The Sun Microsystems marketing machine has been hard at work promoting its Solaris 10 operating system as of late, with special events for the press and analyst community. But market data suggests that it's Linux -- not Solaris -- that Sun customers want.
Fork over $26m while you still can. SCO, whose claim to the Linux kernel has touched off a firestorm in open source realm, is on the verge of bankruptcy, according to court documents filed by legal opponent Novell, several publications reported.
- A few days back, I read the story "Dell's secret Linux fling".
What surprised me is, the people at The Register didn't know this. To show how 'not so secret' this all is, please let me quote an interesting line from the Asianux site;
"As the base software of IT system, Asianux has gotten full support from many global partners including Adaptec, AMD, BEA, CA, Dell, EMC, Emulex, HP, Hitachi, IBM, Intel, NEC, Oracle, Samsung Electronics, SAP, Stratus Technologies and Symantec just to name a few."
Very secret, huh? I wish it was easier to find out how Linux is doing in the east, but from experience I can say it's rather hard to find out, since sooner or later, you arrive at Chinese-only pages. However, we should still look at the pages that _are_ in English, since they present interesting information. It seems OEM's in the east are supporting Linux, in contrary to what they do in the Western world.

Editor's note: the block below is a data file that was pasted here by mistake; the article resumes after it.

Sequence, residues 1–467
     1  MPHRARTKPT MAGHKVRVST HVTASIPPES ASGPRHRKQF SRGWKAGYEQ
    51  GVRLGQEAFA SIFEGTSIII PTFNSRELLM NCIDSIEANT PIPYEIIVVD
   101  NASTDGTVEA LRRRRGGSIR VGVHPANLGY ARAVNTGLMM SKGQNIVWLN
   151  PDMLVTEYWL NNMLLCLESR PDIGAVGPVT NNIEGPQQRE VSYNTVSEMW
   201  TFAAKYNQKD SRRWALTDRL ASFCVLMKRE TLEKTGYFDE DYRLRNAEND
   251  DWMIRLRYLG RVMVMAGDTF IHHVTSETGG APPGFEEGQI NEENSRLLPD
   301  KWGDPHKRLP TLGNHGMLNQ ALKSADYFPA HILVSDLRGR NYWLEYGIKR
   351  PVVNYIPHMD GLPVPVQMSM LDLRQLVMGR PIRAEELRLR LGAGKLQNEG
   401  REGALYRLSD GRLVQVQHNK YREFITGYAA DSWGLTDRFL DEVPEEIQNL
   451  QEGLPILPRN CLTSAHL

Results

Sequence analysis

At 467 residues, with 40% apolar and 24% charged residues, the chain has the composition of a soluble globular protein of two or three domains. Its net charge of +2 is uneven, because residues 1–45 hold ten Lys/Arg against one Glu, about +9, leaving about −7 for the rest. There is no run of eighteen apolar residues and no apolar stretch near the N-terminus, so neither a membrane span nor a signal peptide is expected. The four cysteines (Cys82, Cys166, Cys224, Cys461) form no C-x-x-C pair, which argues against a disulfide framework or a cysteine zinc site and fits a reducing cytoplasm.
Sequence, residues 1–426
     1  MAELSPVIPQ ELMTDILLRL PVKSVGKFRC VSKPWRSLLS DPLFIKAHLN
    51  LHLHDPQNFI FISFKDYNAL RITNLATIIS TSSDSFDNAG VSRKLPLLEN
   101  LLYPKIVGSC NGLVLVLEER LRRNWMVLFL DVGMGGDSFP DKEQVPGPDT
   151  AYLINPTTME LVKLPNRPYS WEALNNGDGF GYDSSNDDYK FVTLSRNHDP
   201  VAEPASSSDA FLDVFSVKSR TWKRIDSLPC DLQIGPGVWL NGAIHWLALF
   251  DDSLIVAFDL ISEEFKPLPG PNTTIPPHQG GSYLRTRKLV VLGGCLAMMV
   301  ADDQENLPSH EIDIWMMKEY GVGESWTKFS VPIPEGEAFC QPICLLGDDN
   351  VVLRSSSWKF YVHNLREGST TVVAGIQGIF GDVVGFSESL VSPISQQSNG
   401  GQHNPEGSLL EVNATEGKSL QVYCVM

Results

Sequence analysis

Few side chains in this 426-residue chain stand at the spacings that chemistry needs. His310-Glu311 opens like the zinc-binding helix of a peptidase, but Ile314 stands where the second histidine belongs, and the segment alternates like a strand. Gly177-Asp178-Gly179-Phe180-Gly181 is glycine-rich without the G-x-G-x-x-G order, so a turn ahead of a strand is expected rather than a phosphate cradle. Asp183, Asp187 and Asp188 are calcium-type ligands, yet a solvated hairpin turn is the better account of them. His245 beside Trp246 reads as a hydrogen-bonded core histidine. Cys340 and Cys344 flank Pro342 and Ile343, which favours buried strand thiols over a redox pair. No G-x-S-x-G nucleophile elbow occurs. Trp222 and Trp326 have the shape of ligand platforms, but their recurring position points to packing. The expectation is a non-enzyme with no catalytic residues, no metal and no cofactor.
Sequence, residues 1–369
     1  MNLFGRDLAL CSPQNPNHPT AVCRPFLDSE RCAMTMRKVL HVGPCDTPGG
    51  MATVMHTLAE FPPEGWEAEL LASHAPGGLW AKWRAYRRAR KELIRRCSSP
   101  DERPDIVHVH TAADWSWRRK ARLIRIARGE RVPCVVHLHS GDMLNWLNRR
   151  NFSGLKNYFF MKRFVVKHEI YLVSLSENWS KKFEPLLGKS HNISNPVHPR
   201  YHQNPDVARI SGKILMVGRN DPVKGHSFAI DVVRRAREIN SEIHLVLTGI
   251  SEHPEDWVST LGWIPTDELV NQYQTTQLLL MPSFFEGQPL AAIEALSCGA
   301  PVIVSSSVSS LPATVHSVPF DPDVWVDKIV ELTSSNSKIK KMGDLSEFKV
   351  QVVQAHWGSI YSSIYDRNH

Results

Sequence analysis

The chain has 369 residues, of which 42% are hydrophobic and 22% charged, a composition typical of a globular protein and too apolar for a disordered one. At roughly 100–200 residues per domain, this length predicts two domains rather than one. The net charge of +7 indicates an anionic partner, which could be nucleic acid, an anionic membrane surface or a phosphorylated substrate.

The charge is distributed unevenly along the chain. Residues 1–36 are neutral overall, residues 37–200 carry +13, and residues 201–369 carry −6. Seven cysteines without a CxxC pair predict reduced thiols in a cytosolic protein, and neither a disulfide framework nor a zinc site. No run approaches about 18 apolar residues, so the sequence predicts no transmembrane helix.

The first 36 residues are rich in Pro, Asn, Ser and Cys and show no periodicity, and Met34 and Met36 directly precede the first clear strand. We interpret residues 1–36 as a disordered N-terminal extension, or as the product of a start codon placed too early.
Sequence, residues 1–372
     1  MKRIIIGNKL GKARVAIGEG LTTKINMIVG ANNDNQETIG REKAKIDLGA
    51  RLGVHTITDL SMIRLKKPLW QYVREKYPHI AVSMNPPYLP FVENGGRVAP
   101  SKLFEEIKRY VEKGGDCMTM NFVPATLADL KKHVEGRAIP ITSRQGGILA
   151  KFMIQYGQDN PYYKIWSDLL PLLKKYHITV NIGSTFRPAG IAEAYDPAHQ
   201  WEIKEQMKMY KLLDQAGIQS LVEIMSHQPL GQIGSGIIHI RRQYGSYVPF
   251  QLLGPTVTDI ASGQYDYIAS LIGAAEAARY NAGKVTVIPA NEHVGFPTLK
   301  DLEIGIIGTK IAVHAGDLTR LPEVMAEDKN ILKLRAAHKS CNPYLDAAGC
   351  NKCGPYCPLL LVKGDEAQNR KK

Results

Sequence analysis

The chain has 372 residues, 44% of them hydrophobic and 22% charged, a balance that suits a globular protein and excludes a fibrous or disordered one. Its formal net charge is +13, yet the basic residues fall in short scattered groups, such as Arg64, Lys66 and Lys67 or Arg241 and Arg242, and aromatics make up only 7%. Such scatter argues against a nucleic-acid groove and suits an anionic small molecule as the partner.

If there are any people from Asia reading this and willing to tell us, the LXer readers and editors, anything about the state of pre-installed Linux-offers in Asia, please let us know. We are eager to find out, and I can promise you I will write a (short) article about it.. Our e-mail address is at the last line of the 'About' page.
When Microsoft introduces its long-awaited Windows Vista operating system this month, it will have an unlikely partner to thank for making its flagship product safe and secure for millions of computer users across the world: the National Security Agency.
[This one is posted only as an example of the drawbacks of closed software - hkwint]
High performance interconnects used for Linux HPC clusters are often compared using artificial benchmarks. The important question is how well these artificial benchmarks translate into real-world performance. This article attempts to answer this question buy taking a look at the real-world performance for Mellanox for Qlogic Interconnects.